A variation of Non-Alignment and indeed perhaps its precursor is the balance of power which some in the country prefer for India to adopt. The balance of power was perfected by Great Britain and it was largely effective from the time of the end of the Napoleonic Wars to the outbreak of the First World War when its limitations were thoroughly exposed. India, however, cannot be the classical balancer like the erstwhile Great Britain. Apart from all the obvious and manifest differences between the 19th century and the 21st, and indeed the 20th itself, there is another stark factor that militates against balancer India. When Great Britain played the role of balancer, it was a Great Power backed by the largest and mightiest empire of Modern history. It had the world’s foremost navy capable of blockading any littoral power or even a combination of them. India is not there and will perhaps never be. The balance of power had virulent opponents in the United States who blamed the wars of Europe to it. United States foreign policy self-consciously eschewed the balance of power in the early decades of the last century. Clearly, Nehru had weighed all this when he chose Non-Alignment. Opposing Nehru’s foreign policy simply to appear different is crass and pointless. Building on it and overcoming its deficiencies is always possible and highly recommended.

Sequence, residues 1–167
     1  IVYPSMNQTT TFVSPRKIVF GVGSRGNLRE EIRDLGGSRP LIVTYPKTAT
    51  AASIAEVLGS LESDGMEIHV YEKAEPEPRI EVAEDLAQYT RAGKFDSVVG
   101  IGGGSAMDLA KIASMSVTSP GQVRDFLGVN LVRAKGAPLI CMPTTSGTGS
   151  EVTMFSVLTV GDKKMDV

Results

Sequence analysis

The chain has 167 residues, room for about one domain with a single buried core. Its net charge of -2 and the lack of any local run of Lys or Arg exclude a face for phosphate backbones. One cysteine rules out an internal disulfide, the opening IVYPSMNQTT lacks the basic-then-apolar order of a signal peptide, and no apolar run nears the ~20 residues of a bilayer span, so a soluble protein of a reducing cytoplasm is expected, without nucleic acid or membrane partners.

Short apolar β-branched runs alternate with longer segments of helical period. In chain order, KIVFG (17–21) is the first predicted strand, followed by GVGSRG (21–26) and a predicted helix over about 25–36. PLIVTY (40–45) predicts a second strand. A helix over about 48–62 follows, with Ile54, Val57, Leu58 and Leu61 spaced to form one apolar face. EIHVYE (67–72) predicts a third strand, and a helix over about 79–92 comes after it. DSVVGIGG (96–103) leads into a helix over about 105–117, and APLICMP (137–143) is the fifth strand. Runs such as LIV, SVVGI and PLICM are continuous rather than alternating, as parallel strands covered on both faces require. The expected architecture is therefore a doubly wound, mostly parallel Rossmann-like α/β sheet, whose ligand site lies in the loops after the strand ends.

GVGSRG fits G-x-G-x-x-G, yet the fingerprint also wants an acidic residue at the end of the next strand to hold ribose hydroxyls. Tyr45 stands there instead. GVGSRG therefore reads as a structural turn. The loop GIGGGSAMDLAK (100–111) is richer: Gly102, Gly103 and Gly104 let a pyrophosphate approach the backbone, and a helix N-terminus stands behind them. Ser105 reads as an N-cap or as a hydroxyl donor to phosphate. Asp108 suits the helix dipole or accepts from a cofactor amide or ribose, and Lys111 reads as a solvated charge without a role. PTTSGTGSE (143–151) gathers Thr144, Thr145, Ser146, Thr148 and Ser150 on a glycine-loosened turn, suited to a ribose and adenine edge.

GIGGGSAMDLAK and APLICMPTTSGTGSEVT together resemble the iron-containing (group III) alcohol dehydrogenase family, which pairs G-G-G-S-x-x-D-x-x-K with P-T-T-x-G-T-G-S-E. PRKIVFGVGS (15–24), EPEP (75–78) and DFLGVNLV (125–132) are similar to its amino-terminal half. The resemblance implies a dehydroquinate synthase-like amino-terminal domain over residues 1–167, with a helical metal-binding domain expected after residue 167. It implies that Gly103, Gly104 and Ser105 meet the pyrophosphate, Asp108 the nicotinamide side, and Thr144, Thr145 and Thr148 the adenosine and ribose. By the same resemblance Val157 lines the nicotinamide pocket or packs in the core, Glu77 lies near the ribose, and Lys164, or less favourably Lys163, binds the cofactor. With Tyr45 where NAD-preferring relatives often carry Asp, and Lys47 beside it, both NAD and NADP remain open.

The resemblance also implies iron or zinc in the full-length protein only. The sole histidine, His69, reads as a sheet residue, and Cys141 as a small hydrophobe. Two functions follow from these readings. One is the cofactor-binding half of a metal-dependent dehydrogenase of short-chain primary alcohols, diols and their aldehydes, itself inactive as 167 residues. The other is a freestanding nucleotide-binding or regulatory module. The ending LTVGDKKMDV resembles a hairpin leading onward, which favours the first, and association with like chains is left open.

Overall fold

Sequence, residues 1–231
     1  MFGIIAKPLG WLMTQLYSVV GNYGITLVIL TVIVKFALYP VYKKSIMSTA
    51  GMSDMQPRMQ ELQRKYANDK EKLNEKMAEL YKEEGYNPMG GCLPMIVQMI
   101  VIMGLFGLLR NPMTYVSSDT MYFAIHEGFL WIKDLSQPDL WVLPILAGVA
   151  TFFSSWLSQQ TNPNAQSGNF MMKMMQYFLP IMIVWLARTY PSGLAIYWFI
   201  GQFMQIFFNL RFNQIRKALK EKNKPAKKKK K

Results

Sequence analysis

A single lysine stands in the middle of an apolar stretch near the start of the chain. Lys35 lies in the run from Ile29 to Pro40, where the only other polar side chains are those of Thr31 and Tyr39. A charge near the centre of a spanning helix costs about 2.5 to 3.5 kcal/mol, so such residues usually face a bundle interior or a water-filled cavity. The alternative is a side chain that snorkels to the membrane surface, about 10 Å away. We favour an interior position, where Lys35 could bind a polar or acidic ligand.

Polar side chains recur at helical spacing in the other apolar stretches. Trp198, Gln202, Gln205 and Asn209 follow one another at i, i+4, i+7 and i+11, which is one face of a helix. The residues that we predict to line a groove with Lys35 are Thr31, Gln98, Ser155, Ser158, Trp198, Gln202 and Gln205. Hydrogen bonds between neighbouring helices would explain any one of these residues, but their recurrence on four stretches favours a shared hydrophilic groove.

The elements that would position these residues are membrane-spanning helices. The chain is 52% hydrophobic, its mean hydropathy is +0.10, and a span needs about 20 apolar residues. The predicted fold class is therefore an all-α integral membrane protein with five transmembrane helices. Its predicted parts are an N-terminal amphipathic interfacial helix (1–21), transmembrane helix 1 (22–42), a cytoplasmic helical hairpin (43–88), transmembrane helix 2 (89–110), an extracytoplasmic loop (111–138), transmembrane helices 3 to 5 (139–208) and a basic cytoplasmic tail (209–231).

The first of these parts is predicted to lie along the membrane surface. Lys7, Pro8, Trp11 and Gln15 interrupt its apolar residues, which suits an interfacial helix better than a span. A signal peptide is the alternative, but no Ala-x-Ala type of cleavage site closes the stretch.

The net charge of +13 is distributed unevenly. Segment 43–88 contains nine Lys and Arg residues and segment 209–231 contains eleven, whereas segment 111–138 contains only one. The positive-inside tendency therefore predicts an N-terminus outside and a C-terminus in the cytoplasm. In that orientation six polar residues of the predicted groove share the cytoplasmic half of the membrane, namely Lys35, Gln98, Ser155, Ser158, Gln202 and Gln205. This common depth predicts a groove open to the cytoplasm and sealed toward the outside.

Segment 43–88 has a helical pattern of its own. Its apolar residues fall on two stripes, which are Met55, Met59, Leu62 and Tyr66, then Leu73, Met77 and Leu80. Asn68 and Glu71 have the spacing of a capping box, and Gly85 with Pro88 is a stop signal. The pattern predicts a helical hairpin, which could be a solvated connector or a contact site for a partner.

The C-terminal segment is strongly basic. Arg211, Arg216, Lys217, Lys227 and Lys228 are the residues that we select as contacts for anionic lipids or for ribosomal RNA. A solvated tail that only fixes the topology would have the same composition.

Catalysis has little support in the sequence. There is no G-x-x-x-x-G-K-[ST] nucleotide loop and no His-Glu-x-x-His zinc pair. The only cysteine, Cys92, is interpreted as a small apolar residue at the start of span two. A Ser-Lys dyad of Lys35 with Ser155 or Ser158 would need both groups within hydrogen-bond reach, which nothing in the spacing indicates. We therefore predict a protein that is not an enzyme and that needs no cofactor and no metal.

Should India’s grand strategy be Non-Alignment? Assuredly. Nehru never conceived Non-Alignment in rigid terms and positioned it as the ideal to aspire to. The need for predictability in geopolitics cannot be overstated and a steadfast national commitment to Non-Alignment would go a long way in stabilizing India’s immediate external environment. Embracing Non-Alignment does not imply an attrition of national defence capability and could indeed be taken as a call for sovereign regeneration in all aspects of geopolitics. A genuine and robust practise of Non-Alignment would place the country in the strongest position to control its destiny which is the loftiest objective of geopolitics.

To be continued...

Also read “India’s geopolitical crisis - 1,” “2,” “3,” “4,” “5” and “6” here, here, here, here, here and here.